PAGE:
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In praise of mass immigration

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“As I look ahead, I am filled with foreboding. Like the Roman, I seem to see the River Tiber foaming with much blood . . . ”

Enoch Powell’s warning about the danger of mass immigration into Britain was made in 1968. Those who regard the late Tory politician as a prophet will be feeling vindicated right now. A backlash against immigration is increasingly central to western politics.

The past weekend saw demonstrations across Germany against the far-right Alternative for Germany, which is riding high in the polls — and is accused of considering the mass deportation of migrants. In the US, Donald Trump has said that illegal migrants are “poisoning the blood” of the nation. The British government is obsessed by its faltering plan to deport asylum seekers to Rwanda.

So perhaps Powell’s foreboding is being borne out — more than 50 years after his “river of blood” speech?

Or perhaps not. There are two major flaws in the idea that mass immigration was a mistake that is now ripping western society apart.

First, the idea that ethnic homogeneity used to guarantee social peace in the west is obvious nonsense. Second, the social and economic costs of severely curtailing immigration would be enormous. Many of the people who now complain about “too many immigrants” would be outraged by the costs of having too few.

This is not to say that mass immigration does not create tensions and problems. Almost any big social change is bound to do that. Tensions around immigration in Europe often rise sharply after terrorist incidents — such as the attacks in France in 2015 that were carried out by Islamist extremists.

But the idea that a western world without migrants would be living in perfect harmony is a historical absurdity. When I grew up in the UK in the 1970s, terrorism was a major threat. But the bombs were being planted by white guys from Northern Ireland. European history before mass immigration is replete with bloodletting and turmoil. England, France, Russia and Spain fought savage civil wars long before the age of mass immigration. So much for those halcyon days of social peace.

Some in the west now cast envious eyes towards countries, such as Japan and South Korea, which take a much more restrictive attitude to immigration and are much more ethnically homogenous as a result. But that has not spared them from political violence. Shinzo Abe, the former Japanese prime minister, was assassinated in 2022. The leader of South Korea’s main opposition party was stabbed a couple of weeks ago. And all South Koreans live under the shadow of the nuclear threat from their ethnic brothers in North Korea.

Japan and South Korea also have to contend with some of the lowest birth rates in the world. Without immigration to compensate, their populations are shrinking and ageing rapidly — which will create enormous economic and social strains.

Anti-immigration politicians often say that the answer to low birth rates is more babies, rather than more immigrants. But pronatalist policies have a very poor record of success.

Opponents of mass immigration say that it too imposes heavy economic and social costs. Matthew Goodwin, a British academic and anti-immigration activist, argues: “Close to half of all social housing in London goes to households that are headed by somebody who was not born in Britain. I don’t think that’s a sustainable situation.”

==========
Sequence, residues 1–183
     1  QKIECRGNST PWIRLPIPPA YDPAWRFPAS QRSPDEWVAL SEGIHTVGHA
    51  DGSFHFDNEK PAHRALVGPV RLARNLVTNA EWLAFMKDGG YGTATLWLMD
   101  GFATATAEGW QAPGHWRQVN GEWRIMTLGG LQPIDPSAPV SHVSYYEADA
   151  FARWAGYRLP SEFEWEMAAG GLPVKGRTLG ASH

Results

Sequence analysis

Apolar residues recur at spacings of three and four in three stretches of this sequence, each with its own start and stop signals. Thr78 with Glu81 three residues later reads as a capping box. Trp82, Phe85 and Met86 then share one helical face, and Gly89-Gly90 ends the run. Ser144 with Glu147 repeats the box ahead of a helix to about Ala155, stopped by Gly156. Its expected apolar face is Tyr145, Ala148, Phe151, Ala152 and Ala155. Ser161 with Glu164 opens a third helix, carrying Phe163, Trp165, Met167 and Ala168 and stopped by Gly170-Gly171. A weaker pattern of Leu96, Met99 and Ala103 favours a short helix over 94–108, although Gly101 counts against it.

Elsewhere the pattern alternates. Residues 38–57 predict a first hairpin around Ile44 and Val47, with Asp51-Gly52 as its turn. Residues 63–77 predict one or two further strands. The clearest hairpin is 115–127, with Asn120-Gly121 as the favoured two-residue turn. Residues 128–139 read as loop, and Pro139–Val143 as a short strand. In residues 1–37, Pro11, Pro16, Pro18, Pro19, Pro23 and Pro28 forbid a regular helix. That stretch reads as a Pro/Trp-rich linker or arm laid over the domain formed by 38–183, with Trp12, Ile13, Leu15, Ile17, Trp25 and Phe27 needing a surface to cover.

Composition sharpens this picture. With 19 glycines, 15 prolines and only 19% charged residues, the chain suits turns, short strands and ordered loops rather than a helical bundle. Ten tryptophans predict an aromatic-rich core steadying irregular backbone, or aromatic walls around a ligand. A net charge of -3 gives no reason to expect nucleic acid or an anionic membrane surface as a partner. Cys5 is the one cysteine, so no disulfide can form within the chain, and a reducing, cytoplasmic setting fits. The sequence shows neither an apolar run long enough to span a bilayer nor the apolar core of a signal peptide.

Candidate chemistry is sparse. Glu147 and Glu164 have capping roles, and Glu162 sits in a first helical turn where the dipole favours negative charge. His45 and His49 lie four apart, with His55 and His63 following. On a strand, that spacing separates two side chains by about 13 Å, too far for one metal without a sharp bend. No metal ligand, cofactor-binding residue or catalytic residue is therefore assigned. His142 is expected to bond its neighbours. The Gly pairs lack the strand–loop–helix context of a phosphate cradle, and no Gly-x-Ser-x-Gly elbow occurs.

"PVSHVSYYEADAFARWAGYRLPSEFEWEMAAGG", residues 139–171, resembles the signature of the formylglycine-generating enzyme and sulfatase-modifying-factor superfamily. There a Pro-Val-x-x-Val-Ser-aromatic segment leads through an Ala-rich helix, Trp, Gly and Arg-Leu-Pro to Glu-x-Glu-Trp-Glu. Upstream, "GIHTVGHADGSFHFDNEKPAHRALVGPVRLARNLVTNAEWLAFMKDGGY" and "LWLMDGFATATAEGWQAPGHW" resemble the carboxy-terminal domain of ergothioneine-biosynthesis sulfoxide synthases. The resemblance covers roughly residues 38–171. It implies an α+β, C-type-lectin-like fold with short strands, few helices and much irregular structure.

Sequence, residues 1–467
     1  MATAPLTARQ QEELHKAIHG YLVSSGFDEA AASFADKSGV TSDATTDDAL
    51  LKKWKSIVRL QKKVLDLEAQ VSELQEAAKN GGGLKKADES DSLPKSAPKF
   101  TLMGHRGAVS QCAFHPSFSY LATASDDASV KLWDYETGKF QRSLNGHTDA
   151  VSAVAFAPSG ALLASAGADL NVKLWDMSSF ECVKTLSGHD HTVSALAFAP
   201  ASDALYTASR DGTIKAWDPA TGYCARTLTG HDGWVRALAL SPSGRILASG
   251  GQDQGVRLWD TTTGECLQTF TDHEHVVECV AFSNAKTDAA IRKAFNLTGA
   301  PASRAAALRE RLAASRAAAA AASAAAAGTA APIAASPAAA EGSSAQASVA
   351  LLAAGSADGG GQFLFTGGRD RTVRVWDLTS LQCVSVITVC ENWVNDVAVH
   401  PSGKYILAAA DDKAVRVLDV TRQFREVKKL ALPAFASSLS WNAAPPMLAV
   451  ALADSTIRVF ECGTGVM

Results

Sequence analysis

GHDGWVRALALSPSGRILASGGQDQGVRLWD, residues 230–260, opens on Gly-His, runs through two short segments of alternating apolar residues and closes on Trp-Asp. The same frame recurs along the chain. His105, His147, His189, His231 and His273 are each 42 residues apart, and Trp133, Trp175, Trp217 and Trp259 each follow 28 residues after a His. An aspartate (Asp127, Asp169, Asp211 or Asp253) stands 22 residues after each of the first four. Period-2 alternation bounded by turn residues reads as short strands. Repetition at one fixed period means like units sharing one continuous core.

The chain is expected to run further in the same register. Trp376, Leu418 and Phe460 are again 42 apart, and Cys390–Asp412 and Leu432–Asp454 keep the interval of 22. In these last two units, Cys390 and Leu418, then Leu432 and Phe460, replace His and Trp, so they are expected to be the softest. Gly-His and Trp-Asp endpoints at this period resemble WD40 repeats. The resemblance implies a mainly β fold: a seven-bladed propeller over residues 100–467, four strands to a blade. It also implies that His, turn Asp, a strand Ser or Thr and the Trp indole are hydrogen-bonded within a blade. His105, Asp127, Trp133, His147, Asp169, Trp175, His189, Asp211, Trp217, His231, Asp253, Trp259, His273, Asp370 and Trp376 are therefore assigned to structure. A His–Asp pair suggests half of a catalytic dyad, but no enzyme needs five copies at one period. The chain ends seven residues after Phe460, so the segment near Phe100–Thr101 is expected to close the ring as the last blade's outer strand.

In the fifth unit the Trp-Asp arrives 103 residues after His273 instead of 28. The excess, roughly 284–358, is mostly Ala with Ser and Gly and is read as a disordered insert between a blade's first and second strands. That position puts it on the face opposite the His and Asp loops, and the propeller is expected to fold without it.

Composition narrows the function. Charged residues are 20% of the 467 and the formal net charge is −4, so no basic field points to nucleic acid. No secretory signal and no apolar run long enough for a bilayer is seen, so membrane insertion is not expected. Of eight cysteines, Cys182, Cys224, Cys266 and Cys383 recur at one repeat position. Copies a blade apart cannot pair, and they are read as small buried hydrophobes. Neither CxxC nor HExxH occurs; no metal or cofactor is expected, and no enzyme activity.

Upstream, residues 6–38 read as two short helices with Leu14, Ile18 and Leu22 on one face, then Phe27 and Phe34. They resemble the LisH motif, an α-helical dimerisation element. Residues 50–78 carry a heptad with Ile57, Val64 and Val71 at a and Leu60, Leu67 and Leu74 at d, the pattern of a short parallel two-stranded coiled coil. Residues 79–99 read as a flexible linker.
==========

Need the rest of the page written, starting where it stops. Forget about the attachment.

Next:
But this is hardly surprising since 41 per cent of Londoners were born overseas. If you include people like me, whose parents were born overseas, the number of Londoners with a “migration background” (as the German call it) is far higher.

And yet London is easily the most prosperous and dynamic city in Britain. It is doing so much better than the rest of the country, that “levelling up” the rest of the UK to match London’s living standards and productivity has become a central goal of the British government. London schools, packed with new migrants, are also outperforming those in the rest of the country.

Could it be that high levels of immigration are actually a large part of the London success story? Take the migrants out of London and the city would stop functioning. The other day, I had my hair cut by a Syrian barber, then travelled to a doctor’s appointment in an Uber driven by a Nigerian. At the hospital I had a scan — carried out by two Spaniards — before going in to see my Delhi-trained specialist.

Britain’s much-prized NHS would, in fact, collapse without the contribution of immigrants. Some 35 per cent of the doctors working in the NHS are overseas nationals. If you count those who arrived from abroad and have taken UK citizenship, the figure will be much higher. Just as there are said to be no atheists in a foxhole, I doubt there are many racists in intensive care.

Of course, debating levels of immigration is completely legitimate in a democracy. Illegal border crossings also pose a particular problem because they suggest the rule of law is breaking down. But in both the UK and the US, the great majority of immigrants have arrived legally.

Rightwingers often say that politicians should dare to tell the truth about immigration. I agree. The truth is that high levels of immigration are a sign of a dynamic and healthy society — not a harbinger of doom or “rivers of blood”.

gideon.rachman@ft.com

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